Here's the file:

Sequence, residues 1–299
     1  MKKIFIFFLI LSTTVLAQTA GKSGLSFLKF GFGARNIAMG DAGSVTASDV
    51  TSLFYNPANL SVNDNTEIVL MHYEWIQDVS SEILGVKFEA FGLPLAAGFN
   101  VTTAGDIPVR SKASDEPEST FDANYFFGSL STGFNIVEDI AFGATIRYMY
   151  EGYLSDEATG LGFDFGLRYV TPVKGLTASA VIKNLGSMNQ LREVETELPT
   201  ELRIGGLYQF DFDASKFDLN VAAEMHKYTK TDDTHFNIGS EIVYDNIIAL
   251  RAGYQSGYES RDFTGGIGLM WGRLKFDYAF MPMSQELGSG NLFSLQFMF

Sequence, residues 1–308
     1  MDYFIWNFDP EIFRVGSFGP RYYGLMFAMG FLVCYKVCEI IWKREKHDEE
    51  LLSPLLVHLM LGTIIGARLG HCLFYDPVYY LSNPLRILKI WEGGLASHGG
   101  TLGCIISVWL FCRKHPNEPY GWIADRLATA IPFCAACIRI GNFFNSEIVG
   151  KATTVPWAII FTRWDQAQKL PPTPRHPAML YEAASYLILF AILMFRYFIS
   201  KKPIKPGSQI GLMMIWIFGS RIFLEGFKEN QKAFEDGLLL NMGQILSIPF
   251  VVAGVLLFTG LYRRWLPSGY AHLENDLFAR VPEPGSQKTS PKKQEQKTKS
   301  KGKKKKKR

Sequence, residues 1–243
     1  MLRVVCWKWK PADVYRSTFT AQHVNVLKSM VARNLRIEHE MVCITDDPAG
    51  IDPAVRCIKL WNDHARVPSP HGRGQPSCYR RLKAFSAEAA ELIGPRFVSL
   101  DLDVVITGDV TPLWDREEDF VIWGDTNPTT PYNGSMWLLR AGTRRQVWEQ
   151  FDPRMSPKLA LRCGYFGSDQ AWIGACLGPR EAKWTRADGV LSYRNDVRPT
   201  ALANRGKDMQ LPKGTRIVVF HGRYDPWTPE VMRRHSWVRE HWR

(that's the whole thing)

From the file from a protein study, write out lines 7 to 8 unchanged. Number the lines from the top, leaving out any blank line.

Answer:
   251  RAGYQSGYES RDFTGGIGLM WGRLKFDYAF MPMSQELGSG NLFSLQFMF

Sequence, residues 1–308